I had worked so hard to make sure I had all the information I needed to be great.  I spent hours in practice rooms and libraries. What I had lost along the way was remembering why I choose music.  What I felt when I heard the horns in E.T. (the movie), Mahler's Adagietto (4th mvmt to Symphony No. 5), the Kyrie from Palestrina's Pope Marcellus Mass, sitting around our family piano singing I'm Gonna Wash That Man Right Outta My Hair, sitting in the pews of a dark cathedral holding a candle and being transported by the ethereal voices of the choir, hearing my own voice as a musician, were the things with which I had lost touch.

When working with students, I have them write down the piece on which they are working.  Then, I have them assemble a list of things that an optimal performance of the this piece would include.  When making these lists (including the ones I make for myself) 95% of the items are descriptors of beauty, inspiration, communication and connecting with listeners.  In creating these lists, I have dusted off the feeling I have felt ever since I can remember when listening and being a part of music.  I have realized that being a great musician means 50% learned information and 50% feel.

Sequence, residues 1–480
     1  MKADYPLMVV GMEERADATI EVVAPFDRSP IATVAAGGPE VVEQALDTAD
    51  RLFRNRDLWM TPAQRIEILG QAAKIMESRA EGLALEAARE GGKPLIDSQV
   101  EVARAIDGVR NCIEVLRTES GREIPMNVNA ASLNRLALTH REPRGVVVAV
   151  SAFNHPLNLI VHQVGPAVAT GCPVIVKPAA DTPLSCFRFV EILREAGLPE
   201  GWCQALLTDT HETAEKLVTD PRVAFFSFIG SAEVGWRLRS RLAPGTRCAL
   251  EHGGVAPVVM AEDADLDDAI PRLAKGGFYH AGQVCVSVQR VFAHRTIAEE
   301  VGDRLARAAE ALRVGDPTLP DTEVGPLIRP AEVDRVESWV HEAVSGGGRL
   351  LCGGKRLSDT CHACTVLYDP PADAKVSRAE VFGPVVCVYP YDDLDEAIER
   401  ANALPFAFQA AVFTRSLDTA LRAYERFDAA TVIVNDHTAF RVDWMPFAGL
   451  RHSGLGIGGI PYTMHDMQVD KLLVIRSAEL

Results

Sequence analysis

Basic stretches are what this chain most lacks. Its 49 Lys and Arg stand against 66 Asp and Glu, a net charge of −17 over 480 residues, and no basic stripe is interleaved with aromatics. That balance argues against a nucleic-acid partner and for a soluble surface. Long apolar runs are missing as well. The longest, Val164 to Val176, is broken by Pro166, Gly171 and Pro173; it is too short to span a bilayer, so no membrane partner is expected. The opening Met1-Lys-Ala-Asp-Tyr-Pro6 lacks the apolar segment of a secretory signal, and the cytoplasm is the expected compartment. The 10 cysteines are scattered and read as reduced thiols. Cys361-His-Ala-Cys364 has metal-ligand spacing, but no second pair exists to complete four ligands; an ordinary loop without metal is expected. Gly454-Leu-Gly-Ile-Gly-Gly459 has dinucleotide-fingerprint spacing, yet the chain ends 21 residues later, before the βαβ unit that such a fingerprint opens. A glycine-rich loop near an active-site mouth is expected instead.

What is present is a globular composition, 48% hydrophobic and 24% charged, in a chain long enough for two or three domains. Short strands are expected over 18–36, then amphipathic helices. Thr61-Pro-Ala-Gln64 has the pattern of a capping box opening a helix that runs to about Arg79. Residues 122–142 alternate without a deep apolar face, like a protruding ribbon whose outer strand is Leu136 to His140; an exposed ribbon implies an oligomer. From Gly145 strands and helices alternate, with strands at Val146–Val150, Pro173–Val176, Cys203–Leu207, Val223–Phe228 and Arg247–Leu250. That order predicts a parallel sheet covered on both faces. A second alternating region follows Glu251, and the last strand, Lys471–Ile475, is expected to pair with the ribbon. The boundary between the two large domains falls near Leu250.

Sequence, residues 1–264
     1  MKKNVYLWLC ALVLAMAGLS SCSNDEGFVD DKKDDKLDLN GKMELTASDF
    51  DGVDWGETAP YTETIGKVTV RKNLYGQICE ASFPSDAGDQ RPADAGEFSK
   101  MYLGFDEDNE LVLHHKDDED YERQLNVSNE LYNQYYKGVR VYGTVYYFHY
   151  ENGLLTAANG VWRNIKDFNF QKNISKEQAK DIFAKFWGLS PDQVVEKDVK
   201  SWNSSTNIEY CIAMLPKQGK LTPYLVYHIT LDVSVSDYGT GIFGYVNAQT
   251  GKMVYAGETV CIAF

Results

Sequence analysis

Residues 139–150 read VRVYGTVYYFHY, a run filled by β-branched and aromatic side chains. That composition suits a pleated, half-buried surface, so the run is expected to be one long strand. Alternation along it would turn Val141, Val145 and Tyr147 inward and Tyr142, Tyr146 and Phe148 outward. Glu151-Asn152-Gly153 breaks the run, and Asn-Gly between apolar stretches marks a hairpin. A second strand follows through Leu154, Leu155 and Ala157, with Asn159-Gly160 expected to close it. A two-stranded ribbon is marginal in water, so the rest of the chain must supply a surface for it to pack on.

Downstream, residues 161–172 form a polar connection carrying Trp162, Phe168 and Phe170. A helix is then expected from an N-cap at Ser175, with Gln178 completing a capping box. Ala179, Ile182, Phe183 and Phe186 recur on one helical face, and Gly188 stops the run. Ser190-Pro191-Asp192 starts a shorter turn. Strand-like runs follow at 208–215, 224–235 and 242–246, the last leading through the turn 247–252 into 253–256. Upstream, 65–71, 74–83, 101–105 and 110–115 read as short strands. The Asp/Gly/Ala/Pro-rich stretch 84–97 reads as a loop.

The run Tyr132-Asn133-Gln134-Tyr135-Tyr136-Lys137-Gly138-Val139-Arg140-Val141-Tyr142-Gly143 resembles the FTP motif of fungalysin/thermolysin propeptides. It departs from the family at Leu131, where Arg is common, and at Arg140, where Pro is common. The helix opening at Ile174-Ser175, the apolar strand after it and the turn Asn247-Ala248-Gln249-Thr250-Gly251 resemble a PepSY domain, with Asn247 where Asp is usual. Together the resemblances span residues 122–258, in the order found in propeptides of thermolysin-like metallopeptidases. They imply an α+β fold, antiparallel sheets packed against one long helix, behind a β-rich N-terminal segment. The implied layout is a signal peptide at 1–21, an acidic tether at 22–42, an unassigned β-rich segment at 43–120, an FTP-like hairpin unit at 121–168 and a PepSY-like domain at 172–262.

I've never walked away from a concert saying, WOW, they can really play great 16th notes or they keep really great time.  Although these things are essential and required for great music making, if we loose touch with the things music can allow us the space and safety to feel, what's left?

Philip Sheppard said that even though he only spent about a half an hour with Jeff Buckley he thinks of him almost every day.  Isn't that one of the things we all cherish about music?  It's ability to attach itself to the soundboard or soundtrack of our lives.  Being a great musician means knowing your facts and technique.  It also means coloring those facts and techniques with the art of being human.  Feeling.